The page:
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Follow-up: Enthronement of Gospel [6-6-2006]
Our column on enthronement of the Gospel (May 23) brings to mind a Nigerian reader who inquired about a practice that is anything but enthronement.
"At weekday Masses in the village I come from, the Readings and the Gospel are taken from pamphlets and leaflets of all shades and sizes that had been used as Sunday bulletins or for some liturgical celebration or the other. At the conclusion of the Gospel reading the officiating priest would normally raise this pamphlet/leaflet with one hand and declare 'The Gospel of the Lord,' and kiss it. I do not think this is right, i.e. the Gospel should not be read from scraps of paper."
Although the use of a decorated Book of the Gospels is usually reserved for Sundays and feasts, except for emergencies, the readings should always be read from a proper lectionary containing all of the readings.
According to No. 37 of the Introduction to the Lectionary: "Because of the dignity of the word of God, the books of readings used in the celebration are not to be replaced by other pastoral aids, for example, by leaflets printed for the preparation of the readings by the faithful or for their personal meditation."
Another error, a very common one, is that of raising the book while saying, "The Gospel of the Lord." The expression "Gospel of the Lord" refers primarily to the text just read, not to the book that contains the text.
The correct procedure is to first say "The Gospel of the Lord" then to kiss the Lectionary or Book of the Gospels as the case may be, saying quietly, "May the words of the Gospel wipe away our sins." No elevation is foreseen at this moment, although the minister may slightly raise the book in order to kiss it.
At a bishop's Mass the minister may bring the Book of the Gospels to him so that he may kiss it. On solemn occasions he may also bless the people with the book.
A reader from Mumbai (Bombay), India, asked: "According to the new Liturgical norms: On which side should the lectern for the readings be? And on which side should the lectern for the Gospel be? Is there a hard and fast rule?"
Present norms foresee only one ambo for all readings. Although there is no absolute rule regarding location, there is a strong tendency toward placing it on the left-hand side of the sanctuary as observed by the people.
The guidelines published by the U.S. bishops summarize the principal norms found in several books. No. 61 says:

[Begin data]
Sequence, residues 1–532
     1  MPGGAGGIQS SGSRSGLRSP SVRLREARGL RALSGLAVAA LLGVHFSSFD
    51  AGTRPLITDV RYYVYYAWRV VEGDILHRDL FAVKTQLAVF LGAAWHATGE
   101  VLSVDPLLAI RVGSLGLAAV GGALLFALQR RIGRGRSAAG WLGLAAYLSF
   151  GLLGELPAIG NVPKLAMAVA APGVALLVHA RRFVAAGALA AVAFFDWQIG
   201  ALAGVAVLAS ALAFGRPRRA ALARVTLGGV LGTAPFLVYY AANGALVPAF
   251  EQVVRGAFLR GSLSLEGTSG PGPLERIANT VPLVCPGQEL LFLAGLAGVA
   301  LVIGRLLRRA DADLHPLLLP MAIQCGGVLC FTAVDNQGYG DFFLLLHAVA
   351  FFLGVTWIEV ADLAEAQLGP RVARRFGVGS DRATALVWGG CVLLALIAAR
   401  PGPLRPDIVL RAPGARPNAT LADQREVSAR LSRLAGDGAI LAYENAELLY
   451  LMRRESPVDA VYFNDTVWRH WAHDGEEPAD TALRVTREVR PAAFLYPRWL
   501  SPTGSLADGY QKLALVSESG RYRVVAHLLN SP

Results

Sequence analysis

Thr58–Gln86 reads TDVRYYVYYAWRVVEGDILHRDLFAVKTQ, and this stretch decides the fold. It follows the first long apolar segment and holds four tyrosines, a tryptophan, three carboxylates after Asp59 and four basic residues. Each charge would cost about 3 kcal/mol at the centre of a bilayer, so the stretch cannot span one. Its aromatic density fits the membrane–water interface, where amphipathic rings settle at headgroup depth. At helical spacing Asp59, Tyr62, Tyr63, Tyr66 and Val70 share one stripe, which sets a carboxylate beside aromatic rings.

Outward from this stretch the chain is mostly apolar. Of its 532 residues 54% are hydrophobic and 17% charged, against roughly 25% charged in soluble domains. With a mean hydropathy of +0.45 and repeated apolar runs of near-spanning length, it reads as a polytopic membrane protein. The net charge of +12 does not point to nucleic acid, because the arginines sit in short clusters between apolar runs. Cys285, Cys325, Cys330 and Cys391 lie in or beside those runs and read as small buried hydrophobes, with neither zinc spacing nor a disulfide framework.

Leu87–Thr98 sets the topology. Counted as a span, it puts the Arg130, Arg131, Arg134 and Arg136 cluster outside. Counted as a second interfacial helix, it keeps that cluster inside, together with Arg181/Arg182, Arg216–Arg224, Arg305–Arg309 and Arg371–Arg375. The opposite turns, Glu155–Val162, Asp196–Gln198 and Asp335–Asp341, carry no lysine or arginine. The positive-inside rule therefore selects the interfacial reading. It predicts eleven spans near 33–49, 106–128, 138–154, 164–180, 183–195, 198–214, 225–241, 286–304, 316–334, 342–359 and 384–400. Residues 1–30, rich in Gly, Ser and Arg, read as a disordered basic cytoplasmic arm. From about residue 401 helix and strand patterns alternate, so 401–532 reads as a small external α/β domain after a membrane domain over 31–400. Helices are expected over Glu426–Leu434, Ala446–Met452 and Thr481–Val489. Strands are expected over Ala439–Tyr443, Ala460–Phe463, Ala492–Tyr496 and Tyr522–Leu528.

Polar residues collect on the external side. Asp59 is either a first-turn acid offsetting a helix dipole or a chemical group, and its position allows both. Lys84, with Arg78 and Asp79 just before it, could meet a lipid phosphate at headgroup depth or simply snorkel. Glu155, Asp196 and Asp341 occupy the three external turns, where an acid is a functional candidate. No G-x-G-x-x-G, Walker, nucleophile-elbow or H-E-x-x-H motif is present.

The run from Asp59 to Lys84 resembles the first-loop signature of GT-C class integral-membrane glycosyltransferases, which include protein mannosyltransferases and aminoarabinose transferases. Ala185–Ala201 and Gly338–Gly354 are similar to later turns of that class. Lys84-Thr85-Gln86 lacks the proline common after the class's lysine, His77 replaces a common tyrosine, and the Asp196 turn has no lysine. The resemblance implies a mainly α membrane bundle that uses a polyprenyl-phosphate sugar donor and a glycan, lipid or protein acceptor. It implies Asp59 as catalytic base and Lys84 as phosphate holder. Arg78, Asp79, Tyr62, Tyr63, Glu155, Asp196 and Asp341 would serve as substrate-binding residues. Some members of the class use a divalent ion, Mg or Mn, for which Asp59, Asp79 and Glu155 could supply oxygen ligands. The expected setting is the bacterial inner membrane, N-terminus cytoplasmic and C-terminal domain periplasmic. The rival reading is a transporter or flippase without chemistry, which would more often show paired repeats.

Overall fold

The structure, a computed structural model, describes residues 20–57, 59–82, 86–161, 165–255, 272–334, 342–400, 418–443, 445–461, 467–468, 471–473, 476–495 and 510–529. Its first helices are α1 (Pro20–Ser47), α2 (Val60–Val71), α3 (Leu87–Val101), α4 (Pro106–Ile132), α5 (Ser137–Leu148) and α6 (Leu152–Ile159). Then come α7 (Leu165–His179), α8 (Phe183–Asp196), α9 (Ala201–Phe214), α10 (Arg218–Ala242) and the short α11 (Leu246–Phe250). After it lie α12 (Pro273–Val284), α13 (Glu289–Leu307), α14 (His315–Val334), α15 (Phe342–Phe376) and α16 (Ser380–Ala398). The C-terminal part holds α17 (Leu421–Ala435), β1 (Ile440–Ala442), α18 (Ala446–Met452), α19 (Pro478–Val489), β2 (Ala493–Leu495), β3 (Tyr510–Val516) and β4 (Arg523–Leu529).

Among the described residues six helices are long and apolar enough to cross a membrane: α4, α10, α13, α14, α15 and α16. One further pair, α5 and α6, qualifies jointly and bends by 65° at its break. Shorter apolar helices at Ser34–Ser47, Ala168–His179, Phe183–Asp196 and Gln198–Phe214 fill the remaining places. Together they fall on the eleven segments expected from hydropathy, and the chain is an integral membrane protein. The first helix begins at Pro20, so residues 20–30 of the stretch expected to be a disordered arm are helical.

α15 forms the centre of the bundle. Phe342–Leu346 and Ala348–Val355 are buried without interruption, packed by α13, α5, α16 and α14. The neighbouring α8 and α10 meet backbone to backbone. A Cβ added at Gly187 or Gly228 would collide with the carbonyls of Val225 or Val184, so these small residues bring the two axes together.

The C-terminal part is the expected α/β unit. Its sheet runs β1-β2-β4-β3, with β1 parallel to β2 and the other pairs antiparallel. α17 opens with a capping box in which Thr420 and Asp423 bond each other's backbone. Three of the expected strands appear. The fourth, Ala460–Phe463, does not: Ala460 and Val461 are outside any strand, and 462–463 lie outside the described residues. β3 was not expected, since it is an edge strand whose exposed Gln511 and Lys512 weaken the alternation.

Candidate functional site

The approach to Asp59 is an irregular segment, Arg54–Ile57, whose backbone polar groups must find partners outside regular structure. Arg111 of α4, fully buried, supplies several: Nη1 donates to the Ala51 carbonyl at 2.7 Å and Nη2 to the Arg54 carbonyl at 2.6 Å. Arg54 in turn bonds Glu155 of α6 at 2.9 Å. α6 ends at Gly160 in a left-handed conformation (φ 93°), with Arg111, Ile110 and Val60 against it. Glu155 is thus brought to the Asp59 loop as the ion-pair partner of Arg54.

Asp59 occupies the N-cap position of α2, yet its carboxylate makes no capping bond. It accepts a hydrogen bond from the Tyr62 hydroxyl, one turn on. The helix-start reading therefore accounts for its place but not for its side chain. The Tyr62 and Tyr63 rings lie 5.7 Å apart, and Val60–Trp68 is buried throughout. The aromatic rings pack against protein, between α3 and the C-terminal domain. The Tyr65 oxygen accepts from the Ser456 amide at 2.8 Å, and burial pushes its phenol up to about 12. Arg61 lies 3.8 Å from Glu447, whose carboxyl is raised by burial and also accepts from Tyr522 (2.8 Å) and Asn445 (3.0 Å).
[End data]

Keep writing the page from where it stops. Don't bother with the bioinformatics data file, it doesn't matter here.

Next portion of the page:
"The central focus of the area in which the word of God is proclaimed during the liturgy is the ambo. The design of the ambo and its prominent placement reflects the dignity and nobility of that saving word and draws the attention of those present to the proclamation of the word.
"Here the Christian community encounters the living Lord in the word of God and prepares itself for the 'breaking of the bread' and the mission to live the word that will be proclaimed. An ample area around the ambo is needed to allow a Gospel procession with a full complement of ministers bearing candles and incense.
"The Introduction to the Lectionary recommends that the design of altar and ambo bear an 'harmonious and close relationship' to one another in order to emphasize the close relationship between word and Eucharist. Since many people share in the ministry of the word, the ambo should be accessible to everyone, including those with physical disabilities."
Finally, a priest from Scotland commented: "If the parish had a permanent place for veneration of the Book of the Gospels, would it be proper after the Gospel, if it was easy enough to do, to place the Book of the Gospels back in this permanent place? [...] I have always had a problem with priests and deacons who place the Book of the Gospels under the lectern to preach or [...] to place it on the credence table -- it is almost as if we are saying, "We have done with that; now on to the important stuff." I know it is not much different but I think it is much better to leave it on the ambo, open or closed."
The guidelines published by the U.S. bishops mentioned in our earlier reply specifically state that the Gospels or sacred Scriptures are set up outside the liturgy. While by no means universal law, it does represent the thinking of a large body of pastors and is in line with overall Church customs.
A further consideration is that very often the liturgical Book of the Gospels is arranged for practical use as separate texts for reading according to the Sunday and festive cycles. It is probably preferable that a permanent place of veneration display the usual Gospel narratives or a complete Bible.
While our reader is probably correct in preferring to leave the book of the Gospels on the ambo rather than some other worthy place, it is not always practical due to its bulk.
Also, if one has performed the usual liturgical honors and incensing of the book I do not believe that placing it on the credence diminishes its importance, especially if placed in a dignified manner such as upon a small bookstand.
Not having any special enthronement is basically a way of distinguishing, without separating, two moments of the Mass. In a certain way we continue the experience of the two disciples whose hearts burned while hearing Christ's word on the road to Emmaus but who only fully recognize him at the breaking of bread. ZE06060621